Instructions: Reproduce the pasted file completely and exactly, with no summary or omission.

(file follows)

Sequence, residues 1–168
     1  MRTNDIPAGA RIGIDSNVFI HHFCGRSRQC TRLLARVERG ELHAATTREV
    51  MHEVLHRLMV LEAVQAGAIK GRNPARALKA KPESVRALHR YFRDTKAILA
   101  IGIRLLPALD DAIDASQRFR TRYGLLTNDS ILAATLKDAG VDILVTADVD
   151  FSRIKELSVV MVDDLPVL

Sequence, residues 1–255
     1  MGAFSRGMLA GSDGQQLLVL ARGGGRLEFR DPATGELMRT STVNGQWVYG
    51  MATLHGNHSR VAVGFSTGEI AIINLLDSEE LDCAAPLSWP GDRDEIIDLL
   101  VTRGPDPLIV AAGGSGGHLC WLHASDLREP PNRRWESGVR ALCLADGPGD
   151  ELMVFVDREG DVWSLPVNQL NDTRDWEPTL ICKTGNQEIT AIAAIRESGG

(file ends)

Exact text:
Sequence, residues 1–168
     1  MRTNDIPAGA RIGIDSNVFI HHFCGRSRQC TRLLARVERG ELHAATTREV
    51  MHEVLHRLMV LEAVQAGAIK GRNPARALKA KPESVRALHR YFRDTKAILA
   101  IGIRLLPALD DAIDASQRFR TRYGLLTNDS ILAATLKDAG VDILVTADVD
   151  FSRIKELSVV MVDDLPVL

Sequence, residues 1–255
     1  MGAFSRGMLA GSDGQQLLVL ARGGGRLEFR DPATGELMRT STVNGQWVYG
    51  MATLHGNHSR VAVGFSTGEI AIINLLDSEE LDCAAPLSWP GDRDEIIDLL
   101  VTRGPDPLIV AAGGSGGHLC WLHASDLREP PNRRWESGVR ALCLADGPGD
   151  ELMVFVDREG DVWSLPVNQL NDTRDWEPTL ICKTGNQEIT AIAAIRESGG